Breast Cancer Research and Treatment

, Volume 164, Issue 1, pp 99–106 | Cite as

MRI predicts pathologic complete response in HER2-positive breast cancer after neoadjuvant chemotherapy

  • Mette S. van Ramshorst
  • Claudette E. Loo
  • Emilie J. Groen
  • Gonneke H. Winter-Warnars
  • Jelle Wesseling
  • Frederieke van Duijnhoven
  • Marie-Jeanne T. Vrancken Peeters
  • Gabe S. SonkeEmail author
Clinical trial



Neoadjuvant treatment of HER2-positive breast cancer frequently leads to a pathologic complete response (pCR), which is associated with favourable long-term outcome. Treatment regimens typically consist of 6–9 cycles of trastuzumab-based chemotherapy, although many patients achieve early radiologic complete response (rCR). If rCR accurately predicts pCR, the number of chemotherapy cycles can possibly be reduced.


We performed a diagnostic accuracy study to determine the association between rCR and pCR in patients with stage II–III HER2-positive breast cancer treated with neoadjuvant trastuzumab-based chemotherapy at the Netherlands Cancer Institute. RCR was defined as the disappearance of pathologic contrast enhancement in the original tumour region on repeated magnetic resonance imaging (MRI). PCR was defined as the absence of invasive tumour cells in the resected breast specimen (ypT0/is). Diagnostic accuracy was estimated in the overall population and in subgroups based on hormone receptor (HR) status. The prognostic value of rCR for recurrence-free interval was evaluated as an exploratory analysis.


We identified 296 eligible patients with 297 HER2-positive tumours (154 HR-negative and 143 HR-positive) treated with neoadjuvant trastuzumab-based chemotherapy between 2004 and 2016. Overall, the rCR rate was 69% (206/297) and the pCR rate was 61% (181/297). Among 206 patients with rCR, 150 also had pCR (negative predictive value [NPV] = 150/206 = 73%). Among 91 patients without rCR, 60 had residual tumour at pathology (positive predictive value [PPV] = 60/91 = 66%). The NPV was better in HR-negative compared to HR-positive tumours (88 vs. 57%), while the PPV was better in HR-positive tumours (50 vs. 78%). Achieving rCR was associated with a 5-year recurrence-free interval of 88% compared to 68% without rCR (hazard ratio 0.34, 95% confidence interval 0.17–0.65, P = 0.001).


Achieving rCR corresponds well with pCR in HER2-positive breast cancer, particularly in the HR-negative subgroup. RCR is also associated with improved long-term outcome.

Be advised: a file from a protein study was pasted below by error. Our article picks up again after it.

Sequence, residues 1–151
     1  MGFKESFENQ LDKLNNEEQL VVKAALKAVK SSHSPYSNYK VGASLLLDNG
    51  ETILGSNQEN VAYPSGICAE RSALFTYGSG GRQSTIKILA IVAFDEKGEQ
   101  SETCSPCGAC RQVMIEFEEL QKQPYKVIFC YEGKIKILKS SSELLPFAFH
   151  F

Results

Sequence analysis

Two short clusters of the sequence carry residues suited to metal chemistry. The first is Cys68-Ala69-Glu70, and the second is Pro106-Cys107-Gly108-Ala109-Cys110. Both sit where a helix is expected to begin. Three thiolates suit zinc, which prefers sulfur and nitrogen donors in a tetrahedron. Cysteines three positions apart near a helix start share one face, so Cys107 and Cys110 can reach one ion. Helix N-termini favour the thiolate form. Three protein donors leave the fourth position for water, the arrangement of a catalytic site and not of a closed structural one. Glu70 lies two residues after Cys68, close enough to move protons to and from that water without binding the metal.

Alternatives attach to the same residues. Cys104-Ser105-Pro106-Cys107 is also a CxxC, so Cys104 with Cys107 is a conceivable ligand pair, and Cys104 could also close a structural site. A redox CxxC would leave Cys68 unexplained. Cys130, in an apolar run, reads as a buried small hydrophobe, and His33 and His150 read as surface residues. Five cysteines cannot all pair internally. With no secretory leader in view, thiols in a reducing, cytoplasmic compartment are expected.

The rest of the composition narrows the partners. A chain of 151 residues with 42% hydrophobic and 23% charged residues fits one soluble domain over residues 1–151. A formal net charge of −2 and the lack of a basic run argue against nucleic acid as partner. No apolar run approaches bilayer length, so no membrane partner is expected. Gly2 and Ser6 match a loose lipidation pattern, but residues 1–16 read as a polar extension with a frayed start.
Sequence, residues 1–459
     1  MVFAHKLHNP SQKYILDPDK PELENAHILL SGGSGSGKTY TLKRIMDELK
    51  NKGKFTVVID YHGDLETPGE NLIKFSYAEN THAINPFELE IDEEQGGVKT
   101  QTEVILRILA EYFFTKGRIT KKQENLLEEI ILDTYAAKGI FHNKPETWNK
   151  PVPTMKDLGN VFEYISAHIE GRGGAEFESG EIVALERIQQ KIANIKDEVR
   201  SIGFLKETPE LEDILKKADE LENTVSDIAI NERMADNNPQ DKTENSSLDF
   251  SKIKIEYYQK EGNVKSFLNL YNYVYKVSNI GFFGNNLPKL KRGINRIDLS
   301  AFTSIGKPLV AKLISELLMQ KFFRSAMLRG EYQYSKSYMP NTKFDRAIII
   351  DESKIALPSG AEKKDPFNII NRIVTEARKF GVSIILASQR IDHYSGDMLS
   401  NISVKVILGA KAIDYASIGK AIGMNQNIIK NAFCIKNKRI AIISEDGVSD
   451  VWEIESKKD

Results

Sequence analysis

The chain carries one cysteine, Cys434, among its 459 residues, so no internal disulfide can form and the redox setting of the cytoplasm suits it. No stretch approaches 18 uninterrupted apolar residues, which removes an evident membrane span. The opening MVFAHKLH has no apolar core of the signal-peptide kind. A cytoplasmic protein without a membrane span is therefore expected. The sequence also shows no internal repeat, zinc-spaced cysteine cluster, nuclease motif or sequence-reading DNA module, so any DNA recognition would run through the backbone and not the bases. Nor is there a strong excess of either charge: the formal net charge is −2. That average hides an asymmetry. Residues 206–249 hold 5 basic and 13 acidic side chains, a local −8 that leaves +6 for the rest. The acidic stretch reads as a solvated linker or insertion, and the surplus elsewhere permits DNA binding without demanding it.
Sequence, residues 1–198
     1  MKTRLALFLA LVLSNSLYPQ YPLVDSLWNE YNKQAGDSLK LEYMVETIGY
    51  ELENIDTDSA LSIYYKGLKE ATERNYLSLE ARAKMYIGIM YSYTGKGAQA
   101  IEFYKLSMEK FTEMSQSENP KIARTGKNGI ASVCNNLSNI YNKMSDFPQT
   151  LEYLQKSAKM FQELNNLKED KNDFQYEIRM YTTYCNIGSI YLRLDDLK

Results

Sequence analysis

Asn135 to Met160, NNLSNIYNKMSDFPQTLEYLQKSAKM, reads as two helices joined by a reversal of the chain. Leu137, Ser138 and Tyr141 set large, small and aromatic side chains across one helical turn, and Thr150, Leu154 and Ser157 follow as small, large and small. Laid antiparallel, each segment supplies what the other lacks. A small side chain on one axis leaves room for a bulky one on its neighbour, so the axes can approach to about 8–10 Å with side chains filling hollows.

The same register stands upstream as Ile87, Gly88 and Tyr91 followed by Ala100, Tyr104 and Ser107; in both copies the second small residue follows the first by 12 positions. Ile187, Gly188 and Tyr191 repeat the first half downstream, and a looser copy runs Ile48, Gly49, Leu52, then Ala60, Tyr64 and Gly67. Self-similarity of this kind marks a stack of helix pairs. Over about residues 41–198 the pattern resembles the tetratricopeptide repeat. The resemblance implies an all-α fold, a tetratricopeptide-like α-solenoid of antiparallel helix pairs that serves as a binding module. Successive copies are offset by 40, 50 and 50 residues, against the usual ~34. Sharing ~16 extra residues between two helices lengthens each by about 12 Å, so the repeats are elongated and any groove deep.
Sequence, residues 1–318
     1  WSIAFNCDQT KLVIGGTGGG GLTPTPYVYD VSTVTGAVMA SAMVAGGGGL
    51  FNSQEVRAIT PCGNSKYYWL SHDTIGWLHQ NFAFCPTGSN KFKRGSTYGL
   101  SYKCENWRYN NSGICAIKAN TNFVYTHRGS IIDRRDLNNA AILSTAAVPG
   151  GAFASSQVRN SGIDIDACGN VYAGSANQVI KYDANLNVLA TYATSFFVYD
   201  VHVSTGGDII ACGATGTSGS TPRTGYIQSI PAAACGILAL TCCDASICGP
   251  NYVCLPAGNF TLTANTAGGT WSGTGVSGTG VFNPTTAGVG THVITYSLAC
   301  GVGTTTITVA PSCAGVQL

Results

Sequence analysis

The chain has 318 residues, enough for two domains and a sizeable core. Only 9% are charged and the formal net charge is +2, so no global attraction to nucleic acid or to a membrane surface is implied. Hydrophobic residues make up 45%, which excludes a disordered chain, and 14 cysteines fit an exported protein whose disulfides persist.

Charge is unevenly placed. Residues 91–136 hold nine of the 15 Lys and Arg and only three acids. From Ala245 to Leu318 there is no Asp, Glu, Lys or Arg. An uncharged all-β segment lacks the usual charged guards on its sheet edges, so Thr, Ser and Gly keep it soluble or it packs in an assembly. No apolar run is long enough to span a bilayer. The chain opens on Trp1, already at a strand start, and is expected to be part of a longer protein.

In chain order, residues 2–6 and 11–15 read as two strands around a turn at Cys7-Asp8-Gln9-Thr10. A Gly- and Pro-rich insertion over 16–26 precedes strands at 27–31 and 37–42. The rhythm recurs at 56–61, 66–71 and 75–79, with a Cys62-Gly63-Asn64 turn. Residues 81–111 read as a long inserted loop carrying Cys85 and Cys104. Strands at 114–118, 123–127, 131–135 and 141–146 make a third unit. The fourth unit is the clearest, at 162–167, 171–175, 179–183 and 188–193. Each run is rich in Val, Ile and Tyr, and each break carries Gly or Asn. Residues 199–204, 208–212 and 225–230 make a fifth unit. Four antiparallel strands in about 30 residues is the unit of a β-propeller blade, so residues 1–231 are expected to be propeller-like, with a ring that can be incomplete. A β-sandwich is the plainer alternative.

HER2-positive breast cancer Neoadjuvant therapy Response monitoring Magnetic resonance imaging 



The authors thank M. van Loveren for her contributions to the manuscript.


No financial research support has been received for this study.

Compliance with ethical standards

Conflict of interest

The authors declare that they have no conflict of interest. Relevant financial activities outside the submitted work and other relationships or activities that readers could perceive to have influenced, or that give the appearance of potentially influencing: GSS received institutional research support funding from Roche, AstraZeneca, Merck and Novartis.

Informed consent

For this retrospective study formal consent was not required.

Supplementary material

10549_2017_4254_MOESM1_ESM.pdf (104 kb)
Supplementary material 1 (PDF 104 kb)
10549_2017_4254_MOESM2_ESM.pdf (108 kb)
Supplementary material 2 (PDF 108 kb)
10549_2017_4254_MOESM3_ESM.pdf (91 kb)
Supplementary material 3 (PDF 90 kb)
10549_2017_4254_MOESM4_ESM.pdf (124 kb)
Supplementary material 4 (PDF 123 kb)


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Copyright information

© Springer Science+Business Media New York 2017

Authors and Affiliations

  • Mette S. van Ramshorst
    • 1
  • Claudette E. Loo
    • 2
  • Emilie J. Groen
    • 3
  • Gonneke H. Winter-Warnars
    • 2
  • Jelle Wesseling
    • 3
  • Frederieke van Duijnhoven
    • 4
  • Marie-Jeanne T. Vrancken Peeters
    • 4
  • Gabe S. Sonke
    • 1
    Email author
  1. 1.Department of Medical OncologyNetherlands Cancer InstituteAmsterdamThe Netherlands
  2. 2.Department of RadiologyNetherlands Cancer InstituteAmsterdamThe Netherlands
  3. 3.Department of PathologyNetherlands Cancer InstituteAmsterdamThe Netherlands
  4. 4.Department of Surgical OncologyNetherlands Cancer InstituteAmsterdamThe Netherlands

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